On Jan 9, it was reported that SPH media inflated its daily circulation figures by 10 to 12% of its reported daily average circulation figures. If an advertiser were to take umbrage at the inflated figures, what recourse could they possibly have?
SPH Media CEO Teo Lay Lim told advertisers in an email that circulation data was not used for the basis of advertising packages.
If we were to take her word as truth, it would seem that advertisers were not overcharged and they paid a fair rate for their advertisements to be run. However, it does not address the fact that the falsified circulation data might have induced the advertisers to enter into a contract with SPH Media. Circulation data is definitely material when considering whether to advertise. English contract law is based on the principle of caveat emptor. A reasonable person would be expected to perform due diligence, very likely relying upon circulation data as one of the factors to consider whether to enter into contract with SPH Media.
1 2 3 4 5 6
Items 1, 2 and 3 can probably be argued to be innocent misrepresentation. Relying on outdated data, confusion or mistakes made can explain the discrepancy. However, item 4 is the smoking gun here. There was deliberate effort taken to inject additional funding to fudge the numbers. There is no way that SPH Media was unaware given that funding had to be specifically requested and approved for this purpose. This probably fulfills the heavy burden of proof to be considered fraudulent misrepresentation.
According to SPH's former Chief Marketing Officer, Elsie Chua, the marketing department does not guarantee circulation in contract with advertisers.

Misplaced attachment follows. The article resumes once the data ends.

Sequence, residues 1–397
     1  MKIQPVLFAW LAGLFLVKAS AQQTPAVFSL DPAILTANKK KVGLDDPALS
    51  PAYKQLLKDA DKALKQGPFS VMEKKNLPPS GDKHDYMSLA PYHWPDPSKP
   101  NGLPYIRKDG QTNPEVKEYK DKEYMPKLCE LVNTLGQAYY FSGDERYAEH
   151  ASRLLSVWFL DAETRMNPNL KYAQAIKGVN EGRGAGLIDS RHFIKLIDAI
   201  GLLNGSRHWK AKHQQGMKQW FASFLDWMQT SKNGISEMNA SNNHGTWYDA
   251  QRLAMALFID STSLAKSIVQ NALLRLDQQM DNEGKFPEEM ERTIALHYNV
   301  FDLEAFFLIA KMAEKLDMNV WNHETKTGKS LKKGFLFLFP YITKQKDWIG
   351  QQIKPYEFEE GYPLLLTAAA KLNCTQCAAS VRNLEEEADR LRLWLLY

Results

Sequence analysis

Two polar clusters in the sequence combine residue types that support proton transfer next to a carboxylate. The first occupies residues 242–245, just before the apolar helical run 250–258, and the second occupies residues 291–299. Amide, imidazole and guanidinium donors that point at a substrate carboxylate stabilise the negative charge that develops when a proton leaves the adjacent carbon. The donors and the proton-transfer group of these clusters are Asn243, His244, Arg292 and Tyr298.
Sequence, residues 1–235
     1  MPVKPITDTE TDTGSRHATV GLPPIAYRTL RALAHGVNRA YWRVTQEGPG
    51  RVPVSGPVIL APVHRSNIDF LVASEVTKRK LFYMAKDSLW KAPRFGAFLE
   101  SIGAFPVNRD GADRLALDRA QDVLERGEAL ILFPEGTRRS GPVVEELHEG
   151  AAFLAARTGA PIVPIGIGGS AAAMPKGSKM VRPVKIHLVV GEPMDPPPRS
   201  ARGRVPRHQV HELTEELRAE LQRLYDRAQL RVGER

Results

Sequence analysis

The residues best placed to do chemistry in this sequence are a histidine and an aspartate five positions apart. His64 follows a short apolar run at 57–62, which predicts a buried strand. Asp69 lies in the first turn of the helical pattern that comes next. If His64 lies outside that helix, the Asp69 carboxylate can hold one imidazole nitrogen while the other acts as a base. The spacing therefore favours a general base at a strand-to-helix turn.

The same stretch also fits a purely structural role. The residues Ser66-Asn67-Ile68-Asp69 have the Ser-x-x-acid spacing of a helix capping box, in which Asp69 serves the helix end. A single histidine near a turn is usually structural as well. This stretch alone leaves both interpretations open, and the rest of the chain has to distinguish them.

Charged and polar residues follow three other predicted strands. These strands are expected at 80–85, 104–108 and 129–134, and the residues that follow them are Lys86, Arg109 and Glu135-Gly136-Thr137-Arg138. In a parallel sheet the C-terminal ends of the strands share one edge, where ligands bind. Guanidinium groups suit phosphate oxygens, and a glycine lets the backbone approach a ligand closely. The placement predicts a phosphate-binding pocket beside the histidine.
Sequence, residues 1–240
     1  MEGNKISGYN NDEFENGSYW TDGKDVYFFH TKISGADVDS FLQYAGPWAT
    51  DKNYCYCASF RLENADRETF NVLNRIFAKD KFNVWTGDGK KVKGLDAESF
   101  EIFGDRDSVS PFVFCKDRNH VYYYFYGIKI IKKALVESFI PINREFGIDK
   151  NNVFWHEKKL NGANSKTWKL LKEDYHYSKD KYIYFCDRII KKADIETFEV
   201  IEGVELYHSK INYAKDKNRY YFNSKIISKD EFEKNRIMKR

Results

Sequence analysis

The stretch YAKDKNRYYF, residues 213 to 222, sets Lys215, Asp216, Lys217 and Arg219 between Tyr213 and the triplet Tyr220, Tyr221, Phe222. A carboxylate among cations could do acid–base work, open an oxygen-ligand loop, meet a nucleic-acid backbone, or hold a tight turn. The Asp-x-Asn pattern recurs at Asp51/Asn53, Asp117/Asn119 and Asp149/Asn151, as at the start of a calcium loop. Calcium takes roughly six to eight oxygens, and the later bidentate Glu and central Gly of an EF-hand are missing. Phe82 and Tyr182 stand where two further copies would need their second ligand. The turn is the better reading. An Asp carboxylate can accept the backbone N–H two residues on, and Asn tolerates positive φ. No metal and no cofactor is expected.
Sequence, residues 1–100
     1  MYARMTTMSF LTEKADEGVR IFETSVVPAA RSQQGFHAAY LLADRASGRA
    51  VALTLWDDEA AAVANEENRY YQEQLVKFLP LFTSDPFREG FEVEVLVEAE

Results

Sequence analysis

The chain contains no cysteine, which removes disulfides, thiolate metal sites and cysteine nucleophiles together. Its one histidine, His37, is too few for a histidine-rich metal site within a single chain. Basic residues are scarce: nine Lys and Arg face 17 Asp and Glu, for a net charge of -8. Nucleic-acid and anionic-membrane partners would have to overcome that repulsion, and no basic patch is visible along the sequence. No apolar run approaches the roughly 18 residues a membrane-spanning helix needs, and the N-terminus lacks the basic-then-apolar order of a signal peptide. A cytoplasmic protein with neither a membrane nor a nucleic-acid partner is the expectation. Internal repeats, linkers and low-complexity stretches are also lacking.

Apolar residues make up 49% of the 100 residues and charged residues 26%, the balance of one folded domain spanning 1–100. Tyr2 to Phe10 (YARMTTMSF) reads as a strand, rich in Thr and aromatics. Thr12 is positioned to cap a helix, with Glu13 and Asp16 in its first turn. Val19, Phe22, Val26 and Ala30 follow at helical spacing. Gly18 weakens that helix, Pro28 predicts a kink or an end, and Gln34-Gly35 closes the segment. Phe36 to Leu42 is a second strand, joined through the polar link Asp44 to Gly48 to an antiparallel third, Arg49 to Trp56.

I would argue that this is an exclusion clause, where SPH Media is trying to exclude itself from the liability of providing inaccurate circulation data. Based on the language, it would seem that circulation data did not make it into the terms of the contract and it is a mere representation made during the contract negotiations. It is interesting here to note that in HIH Casualty and General Insurance Ltd v Chase Manhattan Bank , the House of Lords held that exclusion clauses could apply only to negligent misrepresentation and not fraudulent misrepresentation. Hence, I don't think that statement holds any water.
Lastly, on the topic of remedies, rescission is out of the question. If the advertisement has already run, it is impossible to collect back all the newspapers, remove the advertisement and circulate them once again. Hence, the only remedy is compensation. In general, the calculation for damages aims to put the advertiser in the position it would have been if the misrepresentation did not occur. Therefore, the compensation may be in the region of about 10 to 12% of the amount the advertiser spent.